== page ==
Of course, there are some things about the show that ring hollow with my experience.
Observations of a former line chef:
- Sounds and Words -- I'll give the show producers credit, the show kitchen sounds like the kitchens I've worked in. They are noisy, bustling places filled with shouting people, clanging metal, and the occasional broken dish or glass. But I haven't yet heard the phrase that every restaurant worker (front or back of the house) knows full well: "In the weeds." Being "in the weeds" is not good. It implies that you need immediate help or bad things will happen, such as a table walking out or the ruination of a plate of food. The only appropriate response to someone in the weeds is the following: "How can I help?" Now, I don't expect Chef Gordon Ramsay to help any of the contestants out of the weeds, but what about their fellow teammates? C'mon guys! If one of your fellow chefs goes down, you all go down.
- Hats -- Um, where are the contestants' hats? When I worked on the line, you had to have your hair covered. Period. Either with a hair net, or a more traditional chef's hat. The law doesn't leave any room for stray hairs in your food.
- Prep -- On last night's episode, they booted the wrong contestant. Wendy was sent packing rather than Andrew, a decision which makes for great television but terrible kitchen sense. Why, you ask? On the previews for the next episode, Andrew was heard to say something akin to the following: "I wanna own a restaurant! I don't wanna peel a bunch of carrots and potatoes!" Dude, you are so wrong on so many levels. The first month I worked in the kitchen, I was a Prep Cook. What does that mean? Well, it means that every Monday through Friday, from 8 AM to 4 PM, I performed the following tasks:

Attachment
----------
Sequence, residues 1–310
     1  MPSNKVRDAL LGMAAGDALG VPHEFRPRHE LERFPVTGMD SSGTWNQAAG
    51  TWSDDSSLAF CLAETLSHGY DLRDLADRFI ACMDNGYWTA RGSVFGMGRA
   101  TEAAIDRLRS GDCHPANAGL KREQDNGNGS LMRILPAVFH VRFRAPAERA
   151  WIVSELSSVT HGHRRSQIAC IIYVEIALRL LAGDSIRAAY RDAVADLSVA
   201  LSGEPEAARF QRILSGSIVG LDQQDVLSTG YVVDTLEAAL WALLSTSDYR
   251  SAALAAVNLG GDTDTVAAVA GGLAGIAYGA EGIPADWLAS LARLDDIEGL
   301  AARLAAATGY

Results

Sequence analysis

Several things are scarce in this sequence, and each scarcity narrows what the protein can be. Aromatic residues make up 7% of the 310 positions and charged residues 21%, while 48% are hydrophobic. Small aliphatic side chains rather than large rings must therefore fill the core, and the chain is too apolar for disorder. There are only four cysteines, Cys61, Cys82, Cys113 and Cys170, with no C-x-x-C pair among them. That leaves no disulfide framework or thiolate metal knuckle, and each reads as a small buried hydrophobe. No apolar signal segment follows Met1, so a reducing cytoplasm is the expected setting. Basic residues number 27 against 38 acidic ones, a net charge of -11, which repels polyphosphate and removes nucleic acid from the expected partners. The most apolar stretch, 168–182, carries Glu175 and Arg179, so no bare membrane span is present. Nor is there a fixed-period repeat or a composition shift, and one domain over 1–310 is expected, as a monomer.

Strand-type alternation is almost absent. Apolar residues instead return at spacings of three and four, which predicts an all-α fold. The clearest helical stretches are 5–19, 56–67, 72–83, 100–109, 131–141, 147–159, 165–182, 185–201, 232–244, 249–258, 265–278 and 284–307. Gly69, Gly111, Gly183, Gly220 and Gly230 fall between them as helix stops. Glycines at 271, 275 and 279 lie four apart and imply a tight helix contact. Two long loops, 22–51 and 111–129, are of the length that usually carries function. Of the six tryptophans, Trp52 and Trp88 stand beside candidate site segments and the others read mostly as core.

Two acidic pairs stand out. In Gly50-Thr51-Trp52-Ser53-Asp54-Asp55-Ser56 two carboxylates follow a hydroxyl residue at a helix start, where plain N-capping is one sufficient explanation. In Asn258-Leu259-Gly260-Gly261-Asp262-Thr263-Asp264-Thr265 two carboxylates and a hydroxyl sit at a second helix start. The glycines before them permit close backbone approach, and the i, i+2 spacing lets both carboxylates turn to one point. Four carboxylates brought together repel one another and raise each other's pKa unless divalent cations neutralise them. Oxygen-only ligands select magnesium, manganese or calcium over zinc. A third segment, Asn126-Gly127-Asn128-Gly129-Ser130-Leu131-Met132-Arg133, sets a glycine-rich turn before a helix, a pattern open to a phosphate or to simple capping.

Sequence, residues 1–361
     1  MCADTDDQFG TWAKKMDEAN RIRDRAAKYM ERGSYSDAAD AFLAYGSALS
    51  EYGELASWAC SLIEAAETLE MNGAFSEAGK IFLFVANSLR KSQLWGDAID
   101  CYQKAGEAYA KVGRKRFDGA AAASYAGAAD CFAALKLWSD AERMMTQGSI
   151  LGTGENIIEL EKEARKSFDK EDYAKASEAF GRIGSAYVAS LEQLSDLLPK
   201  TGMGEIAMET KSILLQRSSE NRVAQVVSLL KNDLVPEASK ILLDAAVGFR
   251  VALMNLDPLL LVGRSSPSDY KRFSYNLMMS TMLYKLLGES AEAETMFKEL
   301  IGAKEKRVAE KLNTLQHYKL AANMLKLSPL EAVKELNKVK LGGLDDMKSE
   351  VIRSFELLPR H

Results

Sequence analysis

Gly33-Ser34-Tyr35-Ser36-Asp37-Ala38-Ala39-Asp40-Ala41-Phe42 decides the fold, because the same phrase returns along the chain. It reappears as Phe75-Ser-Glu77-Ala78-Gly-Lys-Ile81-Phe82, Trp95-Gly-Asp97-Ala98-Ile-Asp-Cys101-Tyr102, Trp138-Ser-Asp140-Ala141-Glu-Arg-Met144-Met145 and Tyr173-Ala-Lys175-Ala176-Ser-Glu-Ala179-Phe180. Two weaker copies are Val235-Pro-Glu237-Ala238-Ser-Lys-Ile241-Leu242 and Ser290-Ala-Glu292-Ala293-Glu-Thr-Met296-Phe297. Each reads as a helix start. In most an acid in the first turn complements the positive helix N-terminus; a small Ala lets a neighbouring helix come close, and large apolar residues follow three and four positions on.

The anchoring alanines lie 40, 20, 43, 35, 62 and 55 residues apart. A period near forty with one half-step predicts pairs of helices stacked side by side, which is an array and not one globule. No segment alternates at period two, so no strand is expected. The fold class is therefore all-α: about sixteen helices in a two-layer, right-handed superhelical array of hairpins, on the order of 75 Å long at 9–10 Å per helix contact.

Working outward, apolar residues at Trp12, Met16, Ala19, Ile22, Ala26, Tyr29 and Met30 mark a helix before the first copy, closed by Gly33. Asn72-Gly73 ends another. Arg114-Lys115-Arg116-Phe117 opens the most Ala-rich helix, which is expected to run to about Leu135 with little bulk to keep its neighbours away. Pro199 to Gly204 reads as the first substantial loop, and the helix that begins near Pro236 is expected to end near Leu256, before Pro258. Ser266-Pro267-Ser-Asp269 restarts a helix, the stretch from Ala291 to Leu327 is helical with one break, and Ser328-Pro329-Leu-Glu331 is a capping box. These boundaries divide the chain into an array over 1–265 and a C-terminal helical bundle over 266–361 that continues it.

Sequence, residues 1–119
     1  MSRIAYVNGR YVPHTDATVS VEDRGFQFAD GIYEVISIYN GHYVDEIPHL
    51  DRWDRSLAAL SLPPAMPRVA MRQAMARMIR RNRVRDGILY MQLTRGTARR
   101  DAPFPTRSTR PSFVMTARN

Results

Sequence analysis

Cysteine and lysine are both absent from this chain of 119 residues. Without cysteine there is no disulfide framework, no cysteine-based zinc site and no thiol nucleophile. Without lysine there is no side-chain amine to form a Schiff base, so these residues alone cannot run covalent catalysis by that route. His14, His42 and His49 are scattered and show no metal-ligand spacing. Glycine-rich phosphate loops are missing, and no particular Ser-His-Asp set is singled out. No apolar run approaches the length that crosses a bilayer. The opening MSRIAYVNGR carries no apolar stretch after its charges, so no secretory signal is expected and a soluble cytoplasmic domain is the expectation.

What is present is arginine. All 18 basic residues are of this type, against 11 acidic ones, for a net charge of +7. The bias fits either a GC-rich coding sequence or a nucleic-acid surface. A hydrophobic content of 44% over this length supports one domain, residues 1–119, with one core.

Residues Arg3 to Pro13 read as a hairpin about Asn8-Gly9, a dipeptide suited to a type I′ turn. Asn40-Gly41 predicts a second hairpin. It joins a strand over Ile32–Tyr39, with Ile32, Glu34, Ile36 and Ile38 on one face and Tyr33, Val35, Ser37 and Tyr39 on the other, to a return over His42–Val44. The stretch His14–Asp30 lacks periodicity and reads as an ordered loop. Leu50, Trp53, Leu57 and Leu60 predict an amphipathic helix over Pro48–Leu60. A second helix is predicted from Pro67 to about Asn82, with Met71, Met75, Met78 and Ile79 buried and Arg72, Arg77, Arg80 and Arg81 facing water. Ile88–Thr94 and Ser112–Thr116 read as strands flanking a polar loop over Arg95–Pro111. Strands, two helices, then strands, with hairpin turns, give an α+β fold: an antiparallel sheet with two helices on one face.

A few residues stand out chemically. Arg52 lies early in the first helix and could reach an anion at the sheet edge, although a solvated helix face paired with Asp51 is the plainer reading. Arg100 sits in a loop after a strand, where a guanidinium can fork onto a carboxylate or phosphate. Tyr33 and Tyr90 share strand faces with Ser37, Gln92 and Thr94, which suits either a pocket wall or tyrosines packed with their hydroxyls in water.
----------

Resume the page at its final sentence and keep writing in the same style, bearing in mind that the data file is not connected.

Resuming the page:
- Chopped, peeled, and otherwise prepared cases of vegetables. Since I worked in the summers, I can safely say that I prepped several hundred pounds of yellow squash and zucchini. But I've also prepped broccoli, string beans, cauliflower, onions, potatoes, and sweet potatoes.
- Dethawed, deveined (by machine), and peeled (by hand) shrimp. How much? Usually 10 to 20 pounds, depending upon how much was consumed the day and night before.
- Made soup. New England Clam Chowder and Gumbo were our staples, but occasionally we would make some Conch Chowder or Manhattan Clam Chowder if we had a lot of tomatoes on hand. Now this isn't like making soup in your kitchen. We used two of these babies.
- Heated up mass quantities of marinara and cheese sauce. Now these were premade elsewhere, but heating them up was a tricky task because it took 2-3 hours, depending upon how chilled they were. I dumped the sauces in really large pots, placed them on a gas range over medium-low heat, and then stirred them every 5-10 minutes.
The line is where I learned to multitask.
All that being said, I still find the show oddly compelling. I'll probably watch for the rest of the summer, and hope that contestant Michael doesn't have some sort of breakdown and wins it all. He's the true Line Chef.